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October 1996

Rodent Models of Stroke Limitations: What Can We Learn From Recent Clinical Trials of Thrombolysis?

Author Affiliations

From the Stroke Program, University of Texas Medical School at Houston.

Arch Neurol. 1996;53(10):1067-1070. doi:10.1001/archneur.1996.00550100153025

This past year has been particularly important for researchers and clinicians dedicated to acute stroke therapy. The publication of results from the first large randomized clinical trials of intravenous thrombolytic therapy1,2 has finally demonstrated unequivocally that human ischemic stroke is a treatable disease. This momentous event has implications for all members of the stroke community, including patients, health care planners, and all clinical health professionals, especially neurologists and those involved in emergency patient care.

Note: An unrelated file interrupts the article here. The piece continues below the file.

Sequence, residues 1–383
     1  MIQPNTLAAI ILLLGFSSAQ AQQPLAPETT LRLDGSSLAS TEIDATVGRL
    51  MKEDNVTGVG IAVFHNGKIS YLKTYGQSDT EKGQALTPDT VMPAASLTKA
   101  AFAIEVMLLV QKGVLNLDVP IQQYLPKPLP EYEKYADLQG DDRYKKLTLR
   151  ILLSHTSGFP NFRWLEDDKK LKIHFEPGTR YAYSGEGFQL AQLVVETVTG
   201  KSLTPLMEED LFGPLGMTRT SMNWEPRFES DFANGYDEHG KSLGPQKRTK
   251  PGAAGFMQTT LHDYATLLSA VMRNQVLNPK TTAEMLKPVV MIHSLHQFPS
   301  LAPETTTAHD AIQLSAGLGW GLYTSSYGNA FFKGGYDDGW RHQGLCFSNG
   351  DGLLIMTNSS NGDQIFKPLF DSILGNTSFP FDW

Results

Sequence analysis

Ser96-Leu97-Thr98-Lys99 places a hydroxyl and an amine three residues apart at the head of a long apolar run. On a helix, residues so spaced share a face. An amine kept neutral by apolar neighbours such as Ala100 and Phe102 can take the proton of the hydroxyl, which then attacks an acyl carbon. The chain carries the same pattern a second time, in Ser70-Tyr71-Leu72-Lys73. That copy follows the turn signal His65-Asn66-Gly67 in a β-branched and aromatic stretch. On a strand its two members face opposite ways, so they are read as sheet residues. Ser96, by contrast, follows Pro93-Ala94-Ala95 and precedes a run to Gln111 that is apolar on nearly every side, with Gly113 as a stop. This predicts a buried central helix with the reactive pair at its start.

These results are also of critical interest to laboratory and clinical investigators. Over the past 5 years a healthy debate has developed in the stroke research community about the relevance of animal models to human stroke. The similarities and differences between stroke in patients vs rats, and between designing human clinical trials vs rodent experiments, have been discussed in detail3-6 and do not need to be repeated here. What lessons can we learn from

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